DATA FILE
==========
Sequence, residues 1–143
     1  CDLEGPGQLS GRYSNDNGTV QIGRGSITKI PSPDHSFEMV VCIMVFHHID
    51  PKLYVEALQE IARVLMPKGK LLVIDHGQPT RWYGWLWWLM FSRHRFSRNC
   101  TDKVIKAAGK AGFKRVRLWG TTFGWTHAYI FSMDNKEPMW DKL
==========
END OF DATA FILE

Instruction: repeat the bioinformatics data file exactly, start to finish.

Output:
Sequence, residues 1–143
     1  CDLEGPGQLS GRYSNDNGTV QIGRGSITKI PSPDHSFEMV VCIMVFHHID
    51  PKLYVEALQE IARVLMPKGK LLVIDHGQPT RWYGWLWWLM FSRHRFSRNC
   101  TDKVIKAAGK AGFKRVRLWG TTFGWTHAYI FSMDNKEPMW DKL